Resisting historical change
Despite repeated correction over the decades, some stubborn, ahistorical people cannot let go of “Maynilad” with a “d.” Promoting this mistake are the water concessionaire Maynilad and misguided folks in Manila City Hall. Like Quiapo, which got its name from “kiapo,” the green water plant Pistia stratiotes, Manila also got its name from a water plant known as “nila” (without a “d”). Manuel Blanco’s “Flora de Filipinas” (1837) has an image of “Ixora Manila Blanco” also known under the complicated scientific name Scyphiphora hydrophylacea.While browsing over pictures of “Old Manila” in my social media feed, I was reminded that long before Manila was eaten by today’s megacity, Metro Manila, or by the National Capital Region, the capital of Spanish Manila was limited to the area literally within (intra) the walls (muros) of Intramuros. Districts considered part of Manila today like Quiapo, Binondo, Santa Cruz, Ermita, Malate, etc. were suburbs (arrabales) outside the walls or Extra-muros de Manila. A wealth of archival photographs, documents, maps, etc. are simply traces on which we build an image of the land and people in the city honored by a 16th-century Spanish king with a coat of arms and the title “distinguished and ever loyal.”
Not wanting to go far into pre-Spanish Manila for this column, I dug up the 1922 report on the conditions of the Philippines, addressed to the United States secretary of war, by a special 11-man mission headed by Leonard Wood and William Cameron Forbes. Even if some of the data, by our standards, are outdated, it still makes for engaging reading. For example, their count of the number of islands in the archipelago is “approximately 3,000” not the official count today of 7,640.
The report contrasted the total population based on the 1903 Census (7,635,426) with the 1921 headcount (10,956,000), breaking it down according to religion (Christian, Mohammedan, Pagan, and Buddhist) and “foreigners” (Americans, Spanish, British, Chinese, Japanese, and “all others” whatever that means). The total wealth of the islands was estimated at $5,500,000,000, comparatively small to the national budget currently being debated for questionable confidential and intelligence funds earmarked for the Office of the Vice President and the Department of Education that were not entitled to them before.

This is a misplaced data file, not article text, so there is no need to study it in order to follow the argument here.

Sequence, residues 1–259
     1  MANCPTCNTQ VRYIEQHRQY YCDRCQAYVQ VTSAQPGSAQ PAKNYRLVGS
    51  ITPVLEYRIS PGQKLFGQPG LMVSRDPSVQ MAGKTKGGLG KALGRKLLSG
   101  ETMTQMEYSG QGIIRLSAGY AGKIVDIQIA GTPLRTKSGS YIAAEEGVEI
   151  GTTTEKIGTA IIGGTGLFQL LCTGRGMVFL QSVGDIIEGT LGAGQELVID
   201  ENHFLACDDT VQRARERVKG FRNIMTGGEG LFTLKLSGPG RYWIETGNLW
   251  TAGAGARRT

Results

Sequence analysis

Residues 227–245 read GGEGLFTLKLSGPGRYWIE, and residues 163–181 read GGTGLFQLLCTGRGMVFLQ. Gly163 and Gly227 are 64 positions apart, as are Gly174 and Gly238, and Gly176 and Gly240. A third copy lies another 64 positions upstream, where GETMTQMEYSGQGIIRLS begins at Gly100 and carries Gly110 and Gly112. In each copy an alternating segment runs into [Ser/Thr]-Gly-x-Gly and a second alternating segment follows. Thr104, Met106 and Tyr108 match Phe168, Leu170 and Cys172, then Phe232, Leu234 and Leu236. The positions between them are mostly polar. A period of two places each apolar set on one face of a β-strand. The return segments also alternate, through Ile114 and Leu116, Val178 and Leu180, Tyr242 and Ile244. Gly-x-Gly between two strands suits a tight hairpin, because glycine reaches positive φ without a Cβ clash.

There were 45 daily newspapers at the time, with a total circulation of 131,400 copies; 69 weeklies and other publications had a bigger circulation of 195,700. People today read way more but not in paper or physical copies, we read online from smartphones, tablets, laptops, and computers. In the general elections of 1919, there were 672,122 votes cast by men because “women do not have suffrage.” In December 1920, US President Woodrow Wilson transmitted a message to Congress stating: “That the people of the Philippine Islands have succeeded in maintaining a stable government … this condition precedent having been fulfilled, it is now our liberty and our duty to keep our promise to the people of those islands by granting them the independence which they so honorably covet.”
The US Congress did not act on Wilson’s recommendation, “deadma” to use a modern term, since information at hand on Philippine conditions did not jibe with Wilson’s rosy picture. So Wood and Forbes set out on a four-month mission that covered 48 of the 49 provinces interviewing people through public assemblies in 448 cities and towns.
Their review of Philippine history was prefaced with the following: “In considering the question of granting independence to the Philippine Islands, it is of interest to note that they have always been a dependent group under the influence of a foreign power.”
Their description of Filipinos in 1921 remains relevant today not for the “fine and attractive qualities” enumerated, but for positives with a negative flip side. Positives were: dignity, self-respect, personal neatness, cleanliness. Positives that can be negative were: “courtesy and consideration to strangers and guests, boundless hospitality, willingness to do favors for those with whom they come in contact, which amounts almost [to the] inability to say ‘No’ to a friend.” Being “happy, carefree to an extent seldom found among other peoples” is negative. A docile people do not demand what is rightly due them.
Filipinos are “filled with racial pride, light-hearted and inclined to be improvident.” Filipinos have a “consuming thirst for education … [with] a leaning toward the learned professions or occupations which do not involve severe manual labor, and a tendency to underestimate the importance of agriculture and the dignity of labor, and to overestimate the standing given by the learned professions.”
It is painful to read this report because it underscores the fact that not much has changed after a century, leading to the dysfunctional state of affairs we are trapped in today.
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